Crowded Trades Are Unwinding And It's Time To Take Advantage (William Koldus)

by: Brian Bain

Earlier in 2018, it was the crowded short volatility trade that unwound, which was sparked by higher long-term U.S. interest rates.

U.S. long-term interest rates have been in a slow unwind for a majority of this year.

Recently, we have seen the long large-cap technology trade unwind.

Long oil has been unwound too, and so has short natural gas.

What's next?

Background for the Interview:

William (Travis) and Brian discuss what the crowded trades appear to be in today's markets, what to be careful of, and what opportunities the market may currently be offering investors.

For those who prefer to read, my full interview notes are copied below.

Link to Travis Koldus's original article:

Crowded Trades Are Unwinding, With One Big One Left To Go

Interview notes:

  • 2017 was an unnatural market (SPY) (QQQ) (DIA) environment with minimal drawdowns. It also appears to have represented the peak of the enthusiasm for this bull market and things began to unwind in January 2018.

  • Travis is seeing a series of crowded trades unwinding during this time such as the "short volatility" trade, rising interest rates (20-Treasuries (TLT) have been down consistently this year), FANG trade (At one point all of them were below 200-day moving avg), and oil.

  • How much of this price decline is reduced liquidity and central banks pulling back? It's part of it, but not that simple. Low-interest rates have amplified market trends into unnatural "super" cycles. Popular investment strategies are now reversing directions as investors had adapted their behavior to the market and now the market is changing and investors need to adapt again.

  • Valuations today are in excess of 1999/2000. P/E does not look excessive but you have to adjust for profit margins benefiting from cheap labor and commodities (primary costs).

  • The overvaluation is on a broad market level. This is where lack of wage pressure and low commodities have really impacted and boosted earnings (ex: Caterpillar (CAT), Sherwin Williams (SHW), Proctor-Gamble(PG)). Wage pressure is now rising and they are all seeing input costs rise as well.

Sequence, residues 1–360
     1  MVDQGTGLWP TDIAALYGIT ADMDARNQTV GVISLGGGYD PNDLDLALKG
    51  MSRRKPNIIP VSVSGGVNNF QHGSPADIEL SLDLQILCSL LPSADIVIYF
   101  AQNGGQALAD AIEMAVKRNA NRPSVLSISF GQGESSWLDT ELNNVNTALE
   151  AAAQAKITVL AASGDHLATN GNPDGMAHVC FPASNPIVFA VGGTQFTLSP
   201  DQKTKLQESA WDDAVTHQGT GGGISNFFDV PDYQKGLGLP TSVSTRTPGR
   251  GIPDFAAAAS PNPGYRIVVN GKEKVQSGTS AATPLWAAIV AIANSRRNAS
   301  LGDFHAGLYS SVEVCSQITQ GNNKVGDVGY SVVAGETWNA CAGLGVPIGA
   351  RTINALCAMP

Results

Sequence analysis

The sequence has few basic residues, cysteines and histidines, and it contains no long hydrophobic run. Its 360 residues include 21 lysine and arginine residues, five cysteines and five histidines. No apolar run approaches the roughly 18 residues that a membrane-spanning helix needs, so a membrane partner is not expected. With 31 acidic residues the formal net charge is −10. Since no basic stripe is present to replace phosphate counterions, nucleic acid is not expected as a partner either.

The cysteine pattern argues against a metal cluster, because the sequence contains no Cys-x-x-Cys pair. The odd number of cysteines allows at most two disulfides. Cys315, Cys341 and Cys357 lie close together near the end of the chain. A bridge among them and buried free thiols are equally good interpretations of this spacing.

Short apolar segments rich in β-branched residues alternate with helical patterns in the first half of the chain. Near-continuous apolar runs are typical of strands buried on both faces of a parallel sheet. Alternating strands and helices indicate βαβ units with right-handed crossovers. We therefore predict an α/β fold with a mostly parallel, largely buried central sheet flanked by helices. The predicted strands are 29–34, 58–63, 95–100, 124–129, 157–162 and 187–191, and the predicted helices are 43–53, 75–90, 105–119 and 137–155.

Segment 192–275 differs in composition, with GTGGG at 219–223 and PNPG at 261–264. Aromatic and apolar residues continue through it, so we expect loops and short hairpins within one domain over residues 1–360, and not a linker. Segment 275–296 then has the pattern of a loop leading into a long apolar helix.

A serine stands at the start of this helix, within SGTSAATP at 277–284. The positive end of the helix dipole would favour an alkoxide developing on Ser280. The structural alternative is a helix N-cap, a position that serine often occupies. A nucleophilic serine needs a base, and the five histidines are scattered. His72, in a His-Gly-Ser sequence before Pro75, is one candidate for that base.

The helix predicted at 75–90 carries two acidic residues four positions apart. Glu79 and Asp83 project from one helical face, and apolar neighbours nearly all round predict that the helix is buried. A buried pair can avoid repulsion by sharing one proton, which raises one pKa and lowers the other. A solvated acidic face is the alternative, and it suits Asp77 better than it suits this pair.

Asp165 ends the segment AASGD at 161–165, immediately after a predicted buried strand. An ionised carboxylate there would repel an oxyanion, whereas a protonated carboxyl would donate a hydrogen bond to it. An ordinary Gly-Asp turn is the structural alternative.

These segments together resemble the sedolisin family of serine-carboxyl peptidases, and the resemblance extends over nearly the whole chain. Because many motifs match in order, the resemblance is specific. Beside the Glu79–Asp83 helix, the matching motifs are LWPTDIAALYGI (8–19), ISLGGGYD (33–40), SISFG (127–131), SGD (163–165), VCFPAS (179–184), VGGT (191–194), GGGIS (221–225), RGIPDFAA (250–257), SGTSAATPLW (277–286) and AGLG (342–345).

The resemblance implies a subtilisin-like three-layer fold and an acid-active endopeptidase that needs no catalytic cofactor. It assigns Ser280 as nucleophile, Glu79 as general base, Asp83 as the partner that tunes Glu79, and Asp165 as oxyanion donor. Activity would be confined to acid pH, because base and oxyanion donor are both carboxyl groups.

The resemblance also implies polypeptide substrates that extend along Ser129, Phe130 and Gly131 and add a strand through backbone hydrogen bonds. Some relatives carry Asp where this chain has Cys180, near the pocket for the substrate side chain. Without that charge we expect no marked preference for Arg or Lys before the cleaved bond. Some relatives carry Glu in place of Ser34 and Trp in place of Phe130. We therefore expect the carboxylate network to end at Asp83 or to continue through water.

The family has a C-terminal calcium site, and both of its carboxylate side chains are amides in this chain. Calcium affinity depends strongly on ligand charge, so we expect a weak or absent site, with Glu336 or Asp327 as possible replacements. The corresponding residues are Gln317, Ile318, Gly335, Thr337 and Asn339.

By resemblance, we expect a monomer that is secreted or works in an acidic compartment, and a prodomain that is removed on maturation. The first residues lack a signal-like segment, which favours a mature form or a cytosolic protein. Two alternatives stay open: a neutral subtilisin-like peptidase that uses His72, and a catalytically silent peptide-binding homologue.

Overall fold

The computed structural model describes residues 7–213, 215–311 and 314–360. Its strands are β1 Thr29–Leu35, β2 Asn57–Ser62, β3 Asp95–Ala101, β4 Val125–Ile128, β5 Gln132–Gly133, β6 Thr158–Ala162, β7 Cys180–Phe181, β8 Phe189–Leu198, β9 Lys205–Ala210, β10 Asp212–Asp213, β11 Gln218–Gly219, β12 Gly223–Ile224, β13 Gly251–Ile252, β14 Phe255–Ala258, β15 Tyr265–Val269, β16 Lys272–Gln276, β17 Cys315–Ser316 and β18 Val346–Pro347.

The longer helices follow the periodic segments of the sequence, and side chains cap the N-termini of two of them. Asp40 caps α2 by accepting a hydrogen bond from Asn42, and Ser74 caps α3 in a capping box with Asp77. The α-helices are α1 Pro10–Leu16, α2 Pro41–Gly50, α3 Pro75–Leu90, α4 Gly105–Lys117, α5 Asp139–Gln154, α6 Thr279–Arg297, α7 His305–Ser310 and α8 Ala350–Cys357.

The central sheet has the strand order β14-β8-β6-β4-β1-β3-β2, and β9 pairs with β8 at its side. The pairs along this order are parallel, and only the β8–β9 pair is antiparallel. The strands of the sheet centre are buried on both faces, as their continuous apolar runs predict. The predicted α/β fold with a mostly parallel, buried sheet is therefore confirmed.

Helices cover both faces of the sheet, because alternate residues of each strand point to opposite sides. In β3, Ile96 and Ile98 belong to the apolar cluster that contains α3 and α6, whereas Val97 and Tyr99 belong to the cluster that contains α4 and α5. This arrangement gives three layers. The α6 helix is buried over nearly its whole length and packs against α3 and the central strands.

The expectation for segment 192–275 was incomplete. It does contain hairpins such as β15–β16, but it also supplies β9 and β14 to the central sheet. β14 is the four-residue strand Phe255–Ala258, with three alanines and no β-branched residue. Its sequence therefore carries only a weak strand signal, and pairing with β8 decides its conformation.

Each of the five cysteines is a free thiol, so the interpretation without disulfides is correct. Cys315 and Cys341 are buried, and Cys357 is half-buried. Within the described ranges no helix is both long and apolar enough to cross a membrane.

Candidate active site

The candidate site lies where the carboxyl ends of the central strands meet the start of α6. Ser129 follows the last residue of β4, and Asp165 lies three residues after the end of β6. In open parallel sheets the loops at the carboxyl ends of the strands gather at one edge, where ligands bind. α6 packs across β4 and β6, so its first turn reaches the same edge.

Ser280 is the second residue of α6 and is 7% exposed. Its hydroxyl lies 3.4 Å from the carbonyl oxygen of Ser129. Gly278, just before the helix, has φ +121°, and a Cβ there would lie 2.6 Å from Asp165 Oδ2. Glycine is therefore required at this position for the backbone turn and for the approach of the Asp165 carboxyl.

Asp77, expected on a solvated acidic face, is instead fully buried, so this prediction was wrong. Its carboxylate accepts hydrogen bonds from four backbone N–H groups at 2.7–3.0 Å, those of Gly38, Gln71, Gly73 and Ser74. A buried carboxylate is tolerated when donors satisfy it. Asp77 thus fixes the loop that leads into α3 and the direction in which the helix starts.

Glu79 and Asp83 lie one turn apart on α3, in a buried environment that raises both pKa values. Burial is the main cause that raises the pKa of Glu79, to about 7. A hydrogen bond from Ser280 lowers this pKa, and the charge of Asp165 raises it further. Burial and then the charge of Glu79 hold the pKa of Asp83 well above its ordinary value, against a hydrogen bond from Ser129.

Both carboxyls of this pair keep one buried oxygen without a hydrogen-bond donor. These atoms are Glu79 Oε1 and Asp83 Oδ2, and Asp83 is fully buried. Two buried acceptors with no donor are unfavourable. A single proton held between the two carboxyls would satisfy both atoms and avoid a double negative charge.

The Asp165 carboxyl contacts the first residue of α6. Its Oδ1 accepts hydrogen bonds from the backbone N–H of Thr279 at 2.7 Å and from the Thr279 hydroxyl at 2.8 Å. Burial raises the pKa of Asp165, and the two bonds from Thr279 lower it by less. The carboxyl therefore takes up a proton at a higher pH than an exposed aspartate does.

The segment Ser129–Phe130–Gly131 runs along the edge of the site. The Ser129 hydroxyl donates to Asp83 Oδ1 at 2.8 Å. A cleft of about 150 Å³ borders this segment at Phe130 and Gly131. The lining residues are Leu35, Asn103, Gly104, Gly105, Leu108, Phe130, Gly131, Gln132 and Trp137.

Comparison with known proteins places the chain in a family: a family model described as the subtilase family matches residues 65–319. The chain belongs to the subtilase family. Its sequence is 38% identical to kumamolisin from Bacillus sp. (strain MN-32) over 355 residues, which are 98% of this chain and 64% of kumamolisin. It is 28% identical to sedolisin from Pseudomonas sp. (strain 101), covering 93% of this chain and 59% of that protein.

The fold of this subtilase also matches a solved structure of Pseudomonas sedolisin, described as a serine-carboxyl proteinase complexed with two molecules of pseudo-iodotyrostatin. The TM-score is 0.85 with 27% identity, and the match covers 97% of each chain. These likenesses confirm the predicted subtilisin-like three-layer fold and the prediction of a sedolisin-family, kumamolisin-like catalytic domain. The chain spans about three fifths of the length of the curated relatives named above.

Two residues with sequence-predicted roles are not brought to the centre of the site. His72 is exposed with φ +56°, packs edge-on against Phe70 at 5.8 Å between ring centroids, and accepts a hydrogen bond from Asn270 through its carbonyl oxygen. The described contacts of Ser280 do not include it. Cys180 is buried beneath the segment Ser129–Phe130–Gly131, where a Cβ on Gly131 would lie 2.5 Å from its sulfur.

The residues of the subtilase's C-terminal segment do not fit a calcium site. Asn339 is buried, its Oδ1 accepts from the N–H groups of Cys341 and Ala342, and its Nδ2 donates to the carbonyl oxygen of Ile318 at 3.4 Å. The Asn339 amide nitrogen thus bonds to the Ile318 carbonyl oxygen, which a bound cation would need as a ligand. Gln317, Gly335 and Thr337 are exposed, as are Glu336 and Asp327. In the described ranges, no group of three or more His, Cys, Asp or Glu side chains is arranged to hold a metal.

• Conversely, tech names like Apple (AAPL), Amazon (AMZN), and Facebook (FB). The P/Es for these companies are not nearly as over-extended as in 1999.

  • In this environment, the great opportunity is to be found in quality value stocks. Passive investors have done really well in the US for a while and growth has done well, etc. There have also been clear losers such as commodity equities and International Equities. For an example, you need to look no further than JPMorgan (JPM) and Deutsche banks (DB). Their performance difference has been striking.

  • Markets have been fearful of a repeat of 2007-08 (deflationary) but that is probably not what the problem is going to be. The Fed and everyone are afraid to recreate 2007-08 and fearful of normalizing interest rates.

  • There has been a bubble in US equities but the correction will likely not be in a 2007-08 decline because everyone is looking for that. The path to normalized valuations could be a different path.

  • The coming unwinding could be an inflationary market that looks extended like in the 1970's.

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Disclaimer: This article is for information purposes only. There are risks involved with investing including loss of principal. Brian and Investor in the Family make no explicit or implicit guarantee with respect to performance or the outcome of any investment or projections made. There is no guarantee that the goals of the strategies discussed by Brian and Investor in the Family will be met.

Disclosure: I/we have no positions in any stocks mentioned, and no plans to initiate any positions within the next 72 hours. I wrote this article myself, and it expresses my own opinions. I am not receiving compensation for it (other than from Seeking Alpha). I have no business relationship with any company whose stock is mentioned in this article.